In FIG. 4, the detwister mechanism is shown in further detail, more particularly apparatus relating to an air supply 13 being connected to hoses 28 and 17 which are connected to supply ports 18-19 within the ribs 14 themselves. Air supply 13 is programmed so that a given or first level of air is supplied from air supply 13 through conduit 28 into tubular member 17 and through air holes 18 and 19, as shown in FIG. 4. Also shown in FIG. 4, by elements 20, are sensors 20 which are affixed to a bottom terminal portion of one or more ribs 14. Sensors 20 are responsive to the non contact of flaccid member 5 with them, which would take place in the event there was a hole in tubular member 5, allowing the escape of air and preventing the enlargement of tubular member 5. In the event there is a hole in flaccid member 5, air supply 13 at the first level of supply would be unable to supply sufficient air through supply ports 18 and 19 to enlarge (blow up) the flaccid tubular member 5. See FIGS. 6 and 7. Lacking such enlargement, there would be no contact by tubular member 5 with sensors 20. This would cause tubular member 5 not to be twisted in the direction opposite of the inherent twist in tubular member 5 by misalignment of rod members 14 as explained below. Non contact of tubular member 5 with sensor 20 will activate activator 23 which in turn causes a second level of air supply (higher) to be supplied through air supply 13, tubular members 24, 28 and 17, and supply ports 18 and 19 in ribs 14, thus forcing the tubular member 5, notwithstanding a hole therein, to be pressed against rib members 14 in a manner like that shown in FIGS. 6 and 7.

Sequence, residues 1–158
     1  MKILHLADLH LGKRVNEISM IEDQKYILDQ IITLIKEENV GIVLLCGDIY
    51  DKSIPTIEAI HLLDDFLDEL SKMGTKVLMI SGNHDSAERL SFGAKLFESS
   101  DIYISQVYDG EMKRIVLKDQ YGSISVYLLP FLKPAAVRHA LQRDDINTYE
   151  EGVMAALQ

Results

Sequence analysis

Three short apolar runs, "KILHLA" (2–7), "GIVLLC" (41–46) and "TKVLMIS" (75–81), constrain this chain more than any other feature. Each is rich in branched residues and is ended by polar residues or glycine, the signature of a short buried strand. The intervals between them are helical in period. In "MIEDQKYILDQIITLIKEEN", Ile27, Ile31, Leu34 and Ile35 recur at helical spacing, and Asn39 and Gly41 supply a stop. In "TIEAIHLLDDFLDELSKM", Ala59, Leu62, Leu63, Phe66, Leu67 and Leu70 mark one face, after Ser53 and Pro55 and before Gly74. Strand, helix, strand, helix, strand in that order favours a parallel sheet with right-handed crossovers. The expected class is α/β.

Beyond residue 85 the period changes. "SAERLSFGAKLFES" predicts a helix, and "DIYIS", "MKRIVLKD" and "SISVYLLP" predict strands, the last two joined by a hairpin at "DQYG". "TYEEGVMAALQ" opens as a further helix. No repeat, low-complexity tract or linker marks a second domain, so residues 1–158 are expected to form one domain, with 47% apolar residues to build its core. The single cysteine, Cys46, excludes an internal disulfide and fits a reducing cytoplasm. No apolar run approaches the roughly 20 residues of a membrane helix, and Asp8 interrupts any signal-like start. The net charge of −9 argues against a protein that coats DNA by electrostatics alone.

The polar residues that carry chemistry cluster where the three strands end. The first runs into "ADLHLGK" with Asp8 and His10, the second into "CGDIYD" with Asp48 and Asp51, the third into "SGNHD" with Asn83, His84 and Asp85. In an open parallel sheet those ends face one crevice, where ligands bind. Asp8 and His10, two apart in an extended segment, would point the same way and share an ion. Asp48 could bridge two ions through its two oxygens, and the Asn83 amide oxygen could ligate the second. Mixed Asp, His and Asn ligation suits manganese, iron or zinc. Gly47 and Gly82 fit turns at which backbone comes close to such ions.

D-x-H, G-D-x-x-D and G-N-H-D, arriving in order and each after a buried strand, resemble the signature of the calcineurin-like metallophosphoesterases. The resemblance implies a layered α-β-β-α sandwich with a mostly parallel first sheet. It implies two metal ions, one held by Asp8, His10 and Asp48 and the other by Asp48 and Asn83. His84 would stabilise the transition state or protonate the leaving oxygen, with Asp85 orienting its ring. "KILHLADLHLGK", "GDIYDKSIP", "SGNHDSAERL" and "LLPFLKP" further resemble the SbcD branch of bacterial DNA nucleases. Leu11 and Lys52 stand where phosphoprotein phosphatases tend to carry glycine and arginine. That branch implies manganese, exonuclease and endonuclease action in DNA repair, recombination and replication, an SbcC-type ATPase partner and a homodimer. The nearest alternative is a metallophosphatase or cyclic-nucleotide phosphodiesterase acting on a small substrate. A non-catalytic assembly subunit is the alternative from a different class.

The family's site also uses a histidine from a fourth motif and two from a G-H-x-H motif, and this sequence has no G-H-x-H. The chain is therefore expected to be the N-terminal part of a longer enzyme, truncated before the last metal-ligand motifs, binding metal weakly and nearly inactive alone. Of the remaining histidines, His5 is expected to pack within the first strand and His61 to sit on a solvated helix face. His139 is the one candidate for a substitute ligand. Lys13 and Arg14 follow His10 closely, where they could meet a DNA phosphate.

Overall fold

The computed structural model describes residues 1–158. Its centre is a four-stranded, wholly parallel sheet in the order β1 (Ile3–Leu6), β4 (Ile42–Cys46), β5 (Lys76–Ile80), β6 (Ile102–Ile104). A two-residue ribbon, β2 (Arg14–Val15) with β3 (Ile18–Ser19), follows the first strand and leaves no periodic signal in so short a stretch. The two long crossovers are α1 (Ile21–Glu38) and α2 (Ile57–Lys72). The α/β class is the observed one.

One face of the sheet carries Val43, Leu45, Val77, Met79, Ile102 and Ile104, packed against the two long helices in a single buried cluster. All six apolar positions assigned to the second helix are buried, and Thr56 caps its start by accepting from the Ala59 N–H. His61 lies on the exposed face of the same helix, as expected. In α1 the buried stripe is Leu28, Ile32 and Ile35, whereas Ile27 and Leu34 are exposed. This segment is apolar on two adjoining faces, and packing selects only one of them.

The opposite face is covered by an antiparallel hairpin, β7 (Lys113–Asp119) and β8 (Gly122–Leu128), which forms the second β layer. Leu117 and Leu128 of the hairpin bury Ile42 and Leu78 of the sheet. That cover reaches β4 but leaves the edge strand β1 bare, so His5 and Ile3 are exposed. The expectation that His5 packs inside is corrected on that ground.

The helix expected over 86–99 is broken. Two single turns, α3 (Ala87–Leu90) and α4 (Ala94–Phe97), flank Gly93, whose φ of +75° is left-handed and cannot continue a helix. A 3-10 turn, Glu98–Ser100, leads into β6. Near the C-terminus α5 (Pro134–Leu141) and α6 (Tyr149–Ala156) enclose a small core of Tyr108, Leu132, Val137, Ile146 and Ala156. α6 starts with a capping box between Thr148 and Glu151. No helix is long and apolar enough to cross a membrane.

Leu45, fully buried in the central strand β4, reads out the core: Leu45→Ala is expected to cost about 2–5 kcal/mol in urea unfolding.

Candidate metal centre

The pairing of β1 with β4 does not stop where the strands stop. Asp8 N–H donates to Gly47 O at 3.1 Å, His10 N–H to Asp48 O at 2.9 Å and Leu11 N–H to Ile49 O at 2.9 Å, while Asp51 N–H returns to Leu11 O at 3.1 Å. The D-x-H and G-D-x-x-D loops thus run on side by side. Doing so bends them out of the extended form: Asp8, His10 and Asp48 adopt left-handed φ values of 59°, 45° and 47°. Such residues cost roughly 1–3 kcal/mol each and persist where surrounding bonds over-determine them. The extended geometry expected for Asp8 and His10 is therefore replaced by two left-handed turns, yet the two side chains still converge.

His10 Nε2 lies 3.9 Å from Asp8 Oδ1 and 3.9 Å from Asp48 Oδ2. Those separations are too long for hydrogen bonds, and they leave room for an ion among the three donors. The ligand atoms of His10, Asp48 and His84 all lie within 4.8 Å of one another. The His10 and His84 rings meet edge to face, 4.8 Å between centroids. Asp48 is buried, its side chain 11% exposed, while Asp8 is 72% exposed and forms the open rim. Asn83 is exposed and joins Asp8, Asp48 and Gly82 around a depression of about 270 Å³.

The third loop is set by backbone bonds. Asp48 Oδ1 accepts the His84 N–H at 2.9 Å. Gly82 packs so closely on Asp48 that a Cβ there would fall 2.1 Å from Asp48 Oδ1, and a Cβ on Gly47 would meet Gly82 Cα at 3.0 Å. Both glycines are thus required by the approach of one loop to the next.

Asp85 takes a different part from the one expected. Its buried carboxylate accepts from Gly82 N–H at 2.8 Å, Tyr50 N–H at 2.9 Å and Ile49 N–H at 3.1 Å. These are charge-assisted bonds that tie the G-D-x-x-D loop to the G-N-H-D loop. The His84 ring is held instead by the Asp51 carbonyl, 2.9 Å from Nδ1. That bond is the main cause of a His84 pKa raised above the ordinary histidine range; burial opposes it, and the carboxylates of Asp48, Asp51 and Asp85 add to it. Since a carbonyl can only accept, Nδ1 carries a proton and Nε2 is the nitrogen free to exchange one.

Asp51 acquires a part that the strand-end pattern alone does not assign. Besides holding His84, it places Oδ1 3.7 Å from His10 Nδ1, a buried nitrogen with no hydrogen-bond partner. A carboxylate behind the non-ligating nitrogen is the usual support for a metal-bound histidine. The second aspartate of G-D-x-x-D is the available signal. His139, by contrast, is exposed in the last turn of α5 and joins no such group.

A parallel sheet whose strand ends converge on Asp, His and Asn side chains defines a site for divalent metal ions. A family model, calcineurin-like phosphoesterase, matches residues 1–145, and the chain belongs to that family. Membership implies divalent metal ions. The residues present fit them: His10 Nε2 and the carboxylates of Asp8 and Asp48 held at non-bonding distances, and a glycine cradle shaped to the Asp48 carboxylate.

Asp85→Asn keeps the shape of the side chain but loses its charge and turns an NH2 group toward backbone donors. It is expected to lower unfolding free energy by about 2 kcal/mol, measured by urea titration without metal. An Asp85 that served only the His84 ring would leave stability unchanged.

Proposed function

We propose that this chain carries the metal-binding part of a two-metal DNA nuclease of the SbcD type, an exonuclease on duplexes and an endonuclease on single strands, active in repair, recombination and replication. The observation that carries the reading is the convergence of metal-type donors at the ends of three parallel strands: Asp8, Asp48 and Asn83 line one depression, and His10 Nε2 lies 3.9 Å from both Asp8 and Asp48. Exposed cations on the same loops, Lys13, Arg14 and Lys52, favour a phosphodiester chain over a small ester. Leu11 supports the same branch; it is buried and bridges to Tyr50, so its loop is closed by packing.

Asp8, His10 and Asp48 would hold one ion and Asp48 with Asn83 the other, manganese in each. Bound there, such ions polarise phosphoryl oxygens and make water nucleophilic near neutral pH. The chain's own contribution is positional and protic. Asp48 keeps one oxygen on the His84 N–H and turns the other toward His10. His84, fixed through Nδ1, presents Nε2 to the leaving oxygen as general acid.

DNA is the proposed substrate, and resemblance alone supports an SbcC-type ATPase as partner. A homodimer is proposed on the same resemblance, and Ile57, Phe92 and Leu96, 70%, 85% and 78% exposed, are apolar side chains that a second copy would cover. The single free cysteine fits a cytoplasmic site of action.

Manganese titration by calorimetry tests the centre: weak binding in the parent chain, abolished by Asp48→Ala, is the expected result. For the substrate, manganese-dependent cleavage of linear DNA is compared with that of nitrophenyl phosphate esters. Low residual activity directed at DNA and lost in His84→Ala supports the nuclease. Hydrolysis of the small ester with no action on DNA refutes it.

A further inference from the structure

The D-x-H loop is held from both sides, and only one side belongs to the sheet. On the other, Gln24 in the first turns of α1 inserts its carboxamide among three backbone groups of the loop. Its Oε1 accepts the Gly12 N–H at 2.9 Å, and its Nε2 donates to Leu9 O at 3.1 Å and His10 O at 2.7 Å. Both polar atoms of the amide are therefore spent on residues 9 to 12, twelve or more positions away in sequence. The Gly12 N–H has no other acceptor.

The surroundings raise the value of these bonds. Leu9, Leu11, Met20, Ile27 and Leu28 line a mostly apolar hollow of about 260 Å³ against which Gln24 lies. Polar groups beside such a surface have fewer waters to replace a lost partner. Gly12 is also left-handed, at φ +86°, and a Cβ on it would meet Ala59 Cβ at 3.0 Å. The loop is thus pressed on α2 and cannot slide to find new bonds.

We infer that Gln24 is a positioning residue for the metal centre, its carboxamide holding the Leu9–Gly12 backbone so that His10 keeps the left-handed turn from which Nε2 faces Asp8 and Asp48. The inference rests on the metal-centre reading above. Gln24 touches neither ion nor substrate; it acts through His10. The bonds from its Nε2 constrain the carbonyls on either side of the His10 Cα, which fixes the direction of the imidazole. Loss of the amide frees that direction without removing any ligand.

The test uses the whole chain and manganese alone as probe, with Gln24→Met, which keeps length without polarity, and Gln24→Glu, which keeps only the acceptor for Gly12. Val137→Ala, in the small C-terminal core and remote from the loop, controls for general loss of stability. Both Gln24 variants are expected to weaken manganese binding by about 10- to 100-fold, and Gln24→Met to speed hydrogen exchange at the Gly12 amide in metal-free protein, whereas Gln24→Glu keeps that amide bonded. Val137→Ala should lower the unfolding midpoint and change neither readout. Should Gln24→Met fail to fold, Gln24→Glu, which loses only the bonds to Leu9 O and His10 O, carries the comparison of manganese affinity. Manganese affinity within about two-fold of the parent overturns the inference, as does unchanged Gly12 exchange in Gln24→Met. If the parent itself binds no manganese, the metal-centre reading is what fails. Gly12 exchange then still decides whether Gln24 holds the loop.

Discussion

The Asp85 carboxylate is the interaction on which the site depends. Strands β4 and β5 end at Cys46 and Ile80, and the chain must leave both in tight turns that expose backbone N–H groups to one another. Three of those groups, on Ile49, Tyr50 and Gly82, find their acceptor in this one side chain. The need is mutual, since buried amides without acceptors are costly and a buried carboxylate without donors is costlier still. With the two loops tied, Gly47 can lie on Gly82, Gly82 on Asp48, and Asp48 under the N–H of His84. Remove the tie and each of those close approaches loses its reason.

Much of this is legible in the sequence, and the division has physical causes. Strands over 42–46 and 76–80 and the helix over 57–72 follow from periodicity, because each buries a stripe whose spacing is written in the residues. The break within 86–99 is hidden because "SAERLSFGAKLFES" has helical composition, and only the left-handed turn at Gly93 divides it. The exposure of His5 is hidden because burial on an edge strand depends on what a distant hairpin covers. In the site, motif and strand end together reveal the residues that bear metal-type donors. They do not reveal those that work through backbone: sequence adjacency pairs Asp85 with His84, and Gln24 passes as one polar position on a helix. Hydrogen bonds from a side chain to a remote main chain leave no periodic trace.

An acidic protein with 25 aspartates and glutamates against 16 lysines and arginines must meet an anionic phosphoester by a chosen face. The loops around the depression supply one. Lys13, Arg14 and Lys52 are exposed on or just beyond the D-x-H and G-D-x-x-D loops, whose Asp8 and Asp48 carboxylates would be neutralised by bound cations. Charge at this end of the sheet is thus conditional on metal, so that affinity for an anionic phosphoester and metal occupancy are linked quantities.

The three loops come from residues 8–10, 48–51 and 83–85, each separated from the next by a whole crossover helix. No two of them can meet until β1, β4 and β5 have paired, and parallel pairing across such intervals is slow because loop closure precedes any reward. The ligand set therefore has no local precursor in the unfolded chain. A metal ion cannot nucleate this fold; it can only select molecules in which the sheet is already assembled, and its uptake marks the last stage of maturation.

In FIG. 5, there is shown a prospective view of a cut away portion of the end member of a bleaching kier employing the invention as previously described. Once twisting is encountered in flaccid member 5 by sensor 41-42, device 28 is activated, which through lead 16 activates a motor or other driving device to drive sprockets and chain combination 26 and 27, which in turn drives pinion gear 30, engaged with rack gears 29, both housed in housing 9. Rack gears 29 are affixed to upper rods 13. By moving rods 13 in the manner shown by arrows 36, ribs 14 of one set are misaligned with ribs 14 of the other and opposite set, creating or delimiting a screw shaped passageway. It is this screw shaped space that imparts a predetermined twist to flaccid member 5 as it traverses upwardly, pulled by rollers 8. FIG. 6 shows the ribs 14 of one set in alignment with one another. FIG. 7 shows the ribs 14 of one set in misalignment with the ribs 14 of another and opposite set. The misalignment of the ribs and their contact with flaccid means 5 causes a predetermined twist to be imparted to tubular flaccid means 5 as shown by the arrows 37, obviously such twist being equal and opposite to that inherent in tubular flaccid member 5. Thus, it will be appreciated that it is essential that the sidewalls of tubular flaccid means 5 be in contact with ribs 14.